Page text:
Crossing the Ocean on a Tall Ship: What’s in Store for Me?

I’m about to embark on the adventure of a lifetime, joining the crew of a tall ship to sail across the Atlantic Ocean. I’m in Bermuda right now, and in a few days time I’ll meet my ship, the Lord Nelson, and set off on a 31-day transatlantic voyage back to the UK. Although I’ve sailed before, the thought of crossing an ocean under sail leaves me feeling rather nervous (fantastically excited, but still quite nervous!).

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Lord Nelson under sail. Photo from Jubilee Sailing Trust.

When I visited the Adventure Travel and Outdoor Show in London at the start of February, I met adventure traveller Tori Howse, founder of Another World Adventures, who made a similar trip in 2011. So, I asked her a few questions to get an insight into what will be in store for me on board Lord Nelson, and what it will be like to sail across the ocean.

Tell me about your trip.

I sailed on the Bark Europa in October 2011, making a 27-day Atlantic crossing from Las Palmas de Gran Canaria to Salvador de Bahia in Brazil. I then spent 3 days in Salvador, but decided that I wasn’t finished with tall ship life, so I go back on board for another 18 days down to Uruguay.

 

Europa credit Another World Adventures
Bark Europa under sail. Photo Credit: Another World Adventures

Why did you decide to do it?

Sailing across the ocean had been on my ‘bucket list’ for a while. I’d done a little sailing before and loved being on the water, but it was a travel piece by a journalist who had sailed on the Europa before that really inspired me to do the transatlantic crossing. I just thought it sounded so romantic and exciting, and as a passionate environmentalist, I liked the idea of getting to South America without flying. I cut out the article and had it pinned on my wall at home for a couple of years before I decided to make it the starting point for my sabbatical in 2011.

What did you expect beforehand? Did it live up to expectations?

I was hoping to learn some new skills, meet interesting people and just disconnect from the world for a bit. I knew it would push me out of my comfort zone and I was interested to see how I would react.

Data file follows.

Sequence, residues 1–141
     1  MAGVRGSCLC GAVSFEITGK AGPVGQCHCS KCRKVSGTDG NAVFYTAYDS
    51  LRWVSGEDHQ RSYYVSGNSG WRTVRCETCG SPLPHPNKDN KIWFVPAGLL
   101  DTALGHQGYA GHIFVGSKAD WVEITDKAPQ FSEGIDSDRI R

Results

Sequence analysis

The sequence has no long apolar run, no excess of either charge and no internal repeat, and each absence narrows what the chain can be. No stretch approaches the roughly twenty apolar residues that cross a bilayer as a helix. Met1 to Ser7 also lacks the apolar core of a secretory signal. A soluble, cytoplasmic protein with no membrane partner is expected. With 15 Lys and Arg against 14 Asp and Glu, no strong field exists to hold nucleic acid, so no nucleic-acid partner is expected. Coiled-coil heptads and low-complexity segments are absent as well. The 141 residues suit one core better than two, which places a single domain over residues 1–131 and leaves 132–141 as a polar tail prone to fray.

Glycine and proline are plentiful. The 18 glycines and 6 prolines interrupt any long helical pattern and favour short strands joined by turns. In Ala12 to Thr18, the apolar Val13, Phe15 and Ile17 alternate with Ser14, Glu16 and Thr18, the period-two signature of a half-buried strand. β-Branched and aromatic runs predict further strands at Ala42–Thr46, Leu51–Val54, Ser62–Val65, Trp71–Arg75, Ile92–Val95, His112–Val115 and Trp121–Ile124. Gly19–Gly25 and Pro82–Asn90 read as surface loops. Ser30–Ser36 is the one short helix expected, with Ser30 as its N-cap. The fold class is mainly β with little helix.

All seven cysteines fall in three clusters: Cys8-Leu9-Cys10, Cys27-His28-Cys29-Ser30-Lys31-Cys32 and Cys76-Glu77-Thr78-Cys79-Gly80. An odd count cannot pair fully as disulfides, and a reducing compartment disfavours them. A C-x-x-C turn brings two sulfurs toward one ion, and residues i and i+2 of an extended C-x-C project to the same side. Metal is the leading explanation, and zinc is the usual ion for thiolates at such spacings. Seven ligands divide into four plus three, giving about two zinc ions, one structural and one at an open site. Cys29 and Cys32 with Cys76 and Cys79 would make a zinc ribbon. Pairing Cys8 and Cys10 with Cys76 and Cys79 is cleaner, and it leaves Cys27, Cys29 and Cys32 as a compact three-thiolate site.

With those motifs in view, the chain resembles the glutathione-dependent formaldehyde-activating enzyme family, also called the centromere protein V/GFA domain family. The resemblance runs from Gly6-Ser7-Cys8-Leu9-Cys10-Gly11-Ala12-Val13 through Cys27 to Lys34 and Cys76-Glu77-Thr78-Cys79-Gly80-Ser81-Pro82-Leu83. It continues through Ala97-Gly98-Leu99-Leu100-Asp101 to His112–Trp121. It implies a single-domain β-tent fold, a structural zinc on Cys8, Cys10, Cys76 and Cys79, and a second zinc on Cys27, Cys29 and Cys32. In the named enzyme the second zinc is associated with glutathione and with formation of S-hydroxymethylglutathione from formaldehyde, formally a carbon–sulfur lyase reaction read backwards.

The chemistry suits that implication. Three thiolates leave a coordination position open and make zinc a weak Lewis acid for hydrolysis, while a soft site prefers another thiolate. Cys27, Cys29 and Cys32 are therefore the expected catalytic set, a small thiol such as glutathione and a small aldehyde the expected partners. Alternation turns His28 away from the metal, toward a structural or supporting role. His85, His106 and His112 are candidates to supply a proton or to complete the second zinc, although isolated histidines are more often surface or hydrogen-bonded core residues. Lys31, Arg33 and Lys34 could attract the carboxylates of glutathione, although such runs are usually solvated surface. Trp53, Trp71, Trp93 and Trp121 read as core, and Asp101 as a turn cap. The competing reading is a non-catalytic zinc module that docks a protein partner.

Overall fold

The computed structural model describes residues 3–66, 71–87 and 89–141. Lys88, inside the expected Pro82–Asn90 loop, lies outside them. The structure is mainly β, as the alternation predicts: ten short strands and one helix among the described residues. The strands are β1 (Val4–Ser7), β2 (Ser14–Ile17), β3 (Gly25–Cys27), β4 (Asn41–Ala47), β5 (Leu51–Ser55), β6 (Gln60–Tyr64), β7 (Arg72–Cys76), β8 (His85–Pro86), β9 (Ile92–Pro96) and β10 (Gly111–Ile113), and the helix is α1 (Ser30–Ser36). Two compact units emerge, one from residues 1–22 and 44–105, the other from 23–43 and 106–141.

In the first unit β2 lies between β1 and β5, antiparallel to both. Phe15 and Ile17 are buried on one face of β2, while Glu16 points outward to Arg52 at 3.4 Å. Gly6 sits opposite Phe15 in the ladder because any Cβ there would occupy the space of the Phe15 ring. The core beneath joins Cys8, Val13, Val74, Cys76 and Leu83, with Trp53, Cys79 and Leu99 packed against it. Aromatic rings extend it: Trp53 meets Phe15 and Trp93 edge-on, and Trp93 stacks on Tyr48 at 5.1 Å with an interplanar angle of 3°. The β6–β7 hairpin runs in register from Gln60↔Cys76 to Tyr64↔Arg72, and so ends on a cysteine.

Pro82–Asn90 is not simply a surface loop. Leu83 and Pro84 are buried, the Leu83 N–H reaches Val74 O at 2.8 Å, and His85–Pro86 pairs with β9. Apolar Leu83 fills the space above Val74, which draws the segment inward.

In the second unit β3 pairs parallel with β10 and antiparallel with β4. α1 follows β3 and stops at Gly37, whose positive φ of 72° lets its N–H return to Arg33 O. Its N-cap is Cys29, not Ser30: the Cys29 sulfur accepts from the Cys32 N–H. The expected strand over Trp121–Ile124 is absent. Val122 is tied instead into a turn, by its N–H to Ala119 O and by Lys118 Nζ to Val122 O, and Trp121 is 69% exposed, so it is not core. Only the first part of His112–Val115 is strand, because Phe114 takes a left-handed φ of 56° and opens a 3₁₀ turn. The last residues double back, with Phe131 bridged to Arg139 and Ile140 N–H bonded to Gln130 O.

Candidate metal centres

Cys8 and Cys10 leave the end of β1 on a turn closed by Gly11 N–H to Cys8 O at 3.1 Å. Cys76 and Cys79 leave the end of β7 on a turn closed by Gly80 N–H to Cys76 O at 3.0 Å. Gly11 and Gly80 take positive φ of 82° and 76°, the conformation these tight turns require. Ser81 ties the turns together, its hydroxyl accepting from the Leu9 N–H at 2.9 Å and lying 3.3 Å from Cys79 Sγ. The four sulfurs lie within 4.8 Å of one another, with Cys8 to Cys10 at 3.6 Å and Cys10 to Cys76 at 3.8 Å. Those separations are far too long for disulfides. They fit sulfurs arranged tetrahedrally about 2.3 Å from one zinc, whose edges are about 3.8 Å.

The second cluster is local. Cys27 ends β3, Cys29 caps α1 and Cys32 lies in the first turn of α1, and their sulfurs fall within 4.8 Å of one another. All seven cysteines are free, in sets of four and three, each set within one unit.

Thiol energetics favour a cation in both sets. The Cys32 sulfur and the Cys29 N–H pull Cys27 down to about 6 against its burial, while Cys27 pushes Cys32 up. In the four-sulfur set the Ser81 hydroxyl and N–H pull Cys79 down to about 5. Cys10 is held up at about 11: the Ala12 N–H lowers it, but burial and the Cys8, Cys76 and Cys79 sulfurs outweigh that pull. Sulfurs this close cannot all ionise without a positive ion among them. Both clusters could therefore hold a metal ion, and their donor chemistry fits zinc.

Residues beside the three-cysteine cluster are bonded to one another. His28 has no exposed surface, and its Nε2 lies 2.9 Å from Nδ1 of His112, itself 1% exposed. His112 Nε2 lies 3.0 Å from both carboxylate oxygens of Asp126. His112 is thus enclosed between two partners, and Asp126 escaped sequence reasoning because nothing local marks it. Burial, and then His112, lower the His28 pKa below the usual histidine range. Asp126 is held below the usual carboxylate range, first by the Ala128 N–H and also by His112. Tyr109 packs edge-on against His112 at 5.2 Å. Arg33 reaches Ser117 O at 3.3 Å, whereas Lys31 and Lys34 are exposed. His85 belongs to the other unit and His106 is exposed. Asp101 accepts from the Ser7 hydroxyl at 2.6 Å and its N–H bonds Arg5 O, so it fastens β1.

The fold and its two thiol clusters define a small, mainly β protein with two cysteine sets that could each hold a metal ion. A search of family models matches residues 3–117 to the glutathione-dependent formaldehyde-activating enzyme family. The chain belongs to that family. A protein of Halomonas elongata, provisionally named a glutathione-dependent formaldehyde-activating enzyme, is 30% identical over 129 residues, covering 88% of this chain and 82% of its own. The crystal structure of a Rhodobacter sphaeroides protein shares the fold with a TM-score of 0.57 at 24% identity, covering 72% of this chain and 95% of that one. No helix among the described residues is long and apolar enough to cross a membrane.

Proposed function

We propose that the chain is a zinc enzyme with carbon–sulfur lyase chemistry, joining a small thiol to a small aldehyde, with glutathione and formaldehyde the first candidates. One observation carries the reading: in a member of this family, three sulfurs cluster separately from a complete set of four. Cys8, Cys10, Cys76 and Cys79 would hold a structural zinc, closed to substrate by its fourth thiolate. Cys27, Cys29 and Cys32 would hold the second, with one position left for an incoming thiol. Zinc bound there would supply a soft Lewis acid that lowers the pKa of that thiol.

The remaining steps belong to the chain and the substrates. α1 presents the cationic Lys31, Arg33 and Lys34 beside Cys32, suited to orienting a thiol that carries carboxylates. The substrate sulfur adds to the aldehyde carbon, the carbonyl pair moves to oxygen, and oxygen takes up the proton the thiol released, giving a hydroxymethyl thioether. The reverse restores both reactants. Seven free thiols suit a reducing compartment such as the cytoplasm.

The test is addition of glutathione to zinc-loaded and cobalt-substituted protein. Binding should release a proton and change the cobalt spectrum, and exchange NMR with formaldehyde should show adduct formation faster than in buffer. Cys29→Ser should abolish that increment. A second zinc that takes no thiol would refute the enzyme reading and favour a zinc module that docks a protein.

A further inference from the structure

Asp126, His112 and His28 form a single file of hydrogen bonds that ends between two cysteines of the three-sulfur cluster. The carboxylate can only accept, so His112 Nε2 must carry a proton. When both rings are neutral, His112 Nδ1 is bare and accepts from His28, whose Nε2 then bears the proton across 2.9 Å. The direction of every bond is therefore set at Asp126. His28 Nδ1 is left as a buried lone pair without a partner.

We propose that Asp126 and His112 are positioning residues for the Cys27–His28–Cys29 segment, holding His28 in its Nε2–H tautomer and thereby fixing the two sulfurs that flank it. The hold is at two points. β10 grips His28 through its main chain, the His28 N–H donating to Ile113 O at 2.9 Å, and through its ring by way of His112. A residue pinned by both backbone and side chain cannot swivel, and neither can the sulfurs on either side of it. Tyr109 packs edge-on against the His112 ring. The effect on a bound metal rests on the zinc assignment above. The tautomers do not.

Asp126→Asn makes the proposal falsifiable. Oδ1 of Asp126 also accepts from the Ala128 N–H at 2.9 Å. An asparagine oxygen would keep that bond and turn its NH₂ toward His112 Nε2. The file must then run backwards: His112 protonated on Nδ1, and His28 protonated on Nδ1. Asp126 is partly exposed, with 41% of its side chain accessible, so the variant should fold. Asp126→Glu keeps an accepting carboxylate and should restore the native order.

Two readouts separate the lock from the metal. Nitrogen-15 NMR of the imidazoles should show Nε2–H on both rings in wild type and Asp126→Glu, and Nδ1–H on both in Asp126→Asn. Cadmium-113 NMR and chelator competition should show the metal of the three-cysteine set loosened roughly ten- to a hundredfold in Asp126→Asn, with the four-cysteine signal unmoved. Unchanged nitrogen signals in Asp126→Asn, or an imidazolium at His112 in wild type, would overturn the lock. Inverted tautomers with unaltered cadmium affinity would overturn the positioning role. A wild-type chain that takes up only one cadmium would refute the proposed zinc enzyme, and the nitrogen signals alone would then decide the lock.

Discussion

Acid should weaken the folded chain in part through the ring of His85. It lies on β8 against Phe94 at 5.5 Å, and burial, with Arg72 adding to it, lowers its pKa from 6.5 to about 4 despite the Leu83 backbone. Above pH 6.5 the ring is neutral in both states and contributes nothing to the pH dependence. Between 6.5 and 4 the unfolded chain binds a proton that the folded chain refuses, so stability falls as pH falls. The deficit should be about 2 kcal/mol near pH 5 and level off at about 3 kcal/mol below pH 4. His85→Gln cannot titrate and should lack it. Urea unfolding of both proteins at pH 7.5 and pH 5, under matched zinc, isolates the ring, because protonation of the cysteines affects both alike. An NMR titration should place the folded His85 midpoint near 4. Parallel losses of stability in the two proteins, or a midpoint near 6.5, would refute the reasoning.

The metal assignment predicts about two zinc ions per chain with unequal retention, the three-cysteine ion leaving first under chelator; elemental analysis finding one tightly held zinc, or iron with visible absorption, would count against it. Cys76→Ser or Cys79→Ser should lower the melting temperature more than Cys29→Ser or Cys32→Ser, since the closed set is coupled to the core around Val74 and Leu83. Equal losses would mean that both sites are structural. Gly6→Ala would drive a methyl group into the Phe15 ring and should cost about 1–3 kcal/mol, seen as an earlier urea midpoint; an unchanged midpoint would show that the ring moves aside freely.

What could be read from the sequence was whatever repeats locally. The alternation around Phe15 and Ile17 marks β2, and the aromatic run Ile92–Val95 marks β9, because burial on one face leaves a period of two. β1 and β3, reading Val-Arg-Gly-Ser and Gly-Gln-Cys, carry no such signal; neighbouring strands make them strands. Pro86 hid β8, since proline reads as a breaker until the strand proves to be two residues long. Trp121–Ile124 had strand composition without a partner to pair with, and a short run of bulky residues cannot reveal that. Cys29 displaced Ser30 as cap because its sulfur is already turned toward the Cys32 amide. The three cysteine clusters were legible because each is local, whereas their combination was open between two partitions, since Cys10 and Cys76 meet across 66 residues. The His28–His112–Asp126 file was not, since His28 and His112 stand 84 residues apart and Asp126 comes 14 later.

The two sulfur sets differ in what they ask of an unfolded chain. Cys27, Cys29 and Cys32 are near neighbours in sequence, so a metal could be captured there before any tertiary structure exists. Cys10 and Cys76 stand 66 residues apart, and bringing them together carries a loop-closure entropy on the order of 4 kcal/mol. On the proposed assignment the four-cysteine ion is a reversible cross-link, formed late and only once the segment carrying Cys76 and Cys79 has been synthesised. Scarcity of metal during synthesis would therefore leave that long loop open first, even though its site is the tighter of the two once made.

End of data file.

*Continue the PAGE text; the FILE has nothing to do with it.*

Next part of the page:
The reality was it surpassed all expectations and remains without doubt one of the best travel experiences of my life.

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Don’t look down! The view from the rigging. Photo Credit: Another World Adventures

From the moment I stepped on board I was surrounded by a wonderful bunch of people from all walks of life, some of whom would become close friends and one my future business partner! The ship is beautiful, with traditional rigging, comfortable cabins, delicious food and space to relax. The professional crew of Europa are mainly Dutch, and are an incredible bunch; helpful, relaxed, and loads of fun, so you quickly gel as a team.

Before I joined the ship, I had been worried that I might get bored – but there was never a chance! Working a 24hr watch system meant I got to experience sailing the ship at all times of the day and night. From helming the ship to steer a correct course through a storm at night, to climbing up the mast to help set or strike the sails with amazing 360 views of the ocean, everyday was different. From the deck we saw the constantly changing sea and sky, watched wildlife including whales, dolphins and albatrosses, and at night experienced the sky lit up with millions of stars. We had a film night on board one night, and watched a film set at sea, sitting on the deck… at sea! It was surreal, and brilliant. My highlight was the day we turned the ship into the wind to slow her right down, and jumped overboard to swim with 3km of ocean beneath us!

Sail Shadow credit Another World Adventures
Sheets, lines and shadows on the sail. Photo Credit: Another World Adventures

Apart from the experiences and memories, the crossing also gave me some precious time to reflect and take stock. The lack of internet and phone signal was a wonderful chance to switch off and truly be present in the moment, with no ‘to do’ list. My world shrank to the boundaries of the ship, with no outside news or distractions. It was something that I had rarely experienced before and was very liberating.

Do you have any advice for people thinking about doing a trip like this?

My advice would be don’t put it off – just go! You won’t regret it. Go with an open mind, a willingness to learn and make new friends, and you’ll have an incredible time.